Brilliant reporting. Thank you for clarifying the amazing conflicts of interest. Regulators are ineffective by design - regulatory effectiveness would kill future job prospects.

Sun, 05/16/2010 - 12:27 | 354723 cossack55
cossack55's picture

Why not just hire grand Larceny felons out our prisons.  They know the system and can't vote in general elections.  Plus, they are already fitted for their orange perpsuits.

Sun, 05/16/2010 - 12:54 | 354757 JohnKing
JohnKing's picture

A GS investigation into the prosecutor!

Sun, 05/16/2010 - 13:30 | 354814 Rick64
Rick64's picture

This begs the question, why does someone with this kind of wealth (and potential employment at a number of financial institutions) work for the SEC?

To give back to the community when in the end he is probably as guilty as the institutions he is investigating. The answer is obvious, to protect and mitigate the damages to these institutions, and thus his and his cohorts investments.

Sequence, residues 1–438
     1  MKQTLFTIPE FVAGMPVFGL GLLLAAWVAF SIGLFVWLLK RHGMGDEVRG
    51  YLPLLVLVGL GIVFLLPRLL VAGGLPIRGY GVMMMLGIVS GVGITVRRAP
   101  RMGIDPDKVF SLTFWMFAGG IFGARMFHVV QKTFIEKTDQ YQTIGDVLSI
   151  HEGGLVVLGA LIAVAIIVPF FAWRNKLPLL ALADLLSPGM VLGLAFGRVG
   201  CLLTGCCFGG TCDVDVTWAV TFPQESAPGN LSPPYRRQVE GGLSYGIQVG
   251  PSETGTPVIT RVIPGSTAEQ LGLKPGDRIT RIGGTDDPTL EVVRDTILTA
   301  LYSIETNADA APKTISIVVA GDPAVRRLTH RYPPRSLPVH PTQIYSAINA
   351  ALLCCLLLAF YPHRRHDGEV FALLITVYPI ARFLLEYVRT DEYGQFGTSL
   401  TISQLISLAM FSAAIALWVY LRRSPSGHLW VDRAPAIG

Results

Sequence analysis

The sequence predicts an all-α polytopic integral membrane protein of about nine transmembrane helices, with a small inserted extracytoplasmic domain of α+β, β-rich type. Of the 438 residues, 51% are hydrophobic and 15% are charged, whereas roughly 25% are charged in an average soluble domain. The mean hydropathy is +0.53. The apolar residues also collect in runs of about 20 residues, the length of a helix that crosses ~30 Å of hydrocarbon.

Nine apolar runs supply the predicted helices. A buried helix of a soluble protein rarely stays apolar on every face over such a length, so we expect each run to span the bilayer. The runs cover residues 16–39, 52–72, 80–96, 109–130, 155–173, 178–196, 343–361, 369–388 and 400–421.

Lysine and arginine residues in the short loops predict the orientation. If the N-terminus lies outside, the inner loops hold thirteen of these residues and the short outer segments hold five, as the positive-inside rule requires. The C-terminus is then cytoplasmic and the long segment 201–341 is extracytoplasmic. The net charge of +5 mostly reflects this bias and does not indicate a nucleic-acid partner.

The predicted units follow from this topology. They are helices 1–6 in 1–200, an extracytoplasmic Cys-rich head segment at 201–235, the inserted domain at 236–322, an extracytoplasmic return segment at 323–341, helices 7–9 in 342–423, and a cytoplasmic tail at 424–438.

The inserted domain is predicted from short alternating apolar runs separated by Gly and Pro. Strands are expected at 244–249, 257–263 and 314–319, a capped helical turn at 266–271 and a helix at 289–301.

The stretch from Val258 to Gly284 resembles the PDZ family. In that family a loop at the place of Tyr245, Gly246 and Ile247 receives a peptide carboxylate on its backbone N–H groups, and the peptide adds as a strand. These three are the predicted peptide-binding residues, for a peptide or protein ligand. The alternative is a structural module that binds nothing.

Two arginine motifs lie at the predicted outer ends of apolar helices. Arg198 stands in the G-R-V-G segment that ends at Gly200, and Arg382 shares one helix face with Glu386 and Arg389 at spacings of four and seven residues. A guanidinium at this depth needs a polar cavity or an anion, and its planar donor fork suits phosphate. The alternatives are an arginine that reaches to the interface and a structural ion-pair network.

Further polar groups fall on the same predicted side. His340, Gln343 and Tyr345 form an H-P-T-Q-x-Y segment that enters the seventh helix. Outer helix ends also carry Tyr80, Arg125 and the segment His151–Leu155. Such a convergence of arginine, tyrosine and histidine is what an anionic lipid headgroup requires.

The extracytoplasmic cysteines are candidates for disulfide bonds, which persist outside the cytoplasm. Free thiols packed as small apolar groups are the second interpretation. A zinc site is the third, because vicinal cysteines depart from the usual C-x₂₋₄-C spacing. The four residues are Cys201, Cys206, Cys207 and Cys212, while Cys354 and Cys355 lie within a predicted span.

The revolving door.

Sun, 05/16/2010 - 14:38 | 354875 Apostate
Apostate's picture

Because the SEC is basically a method for keeping corporate leaders in line, to prevent them from becoming politically active or particularly outspoken in the media.

It's not a real enforcement mechanism. Be serious. It's a big fake god that you sacrifice a lot of paper to and spend some money and time on providing the pretense of following their pseudo-regulations.

I mean, who does the SEC go after? A nobody like Mark Cuban? Martha Stewart? These people are totally meaningless in the scheme of things. It's more of a religion, believing in the power of the SEC, than something meaningful. 

Some of you have a lot to learn about the way the world really works. Maybe it's too scary for you to accept that the politicians are just drunken actors that get rotated around fundraising dinners and handed legislation to pass. That's too much for some people.

That's OK. It'll all come apart, anyway. 

Sun, 05/16/2010 - 21:24 | 355499 Privatus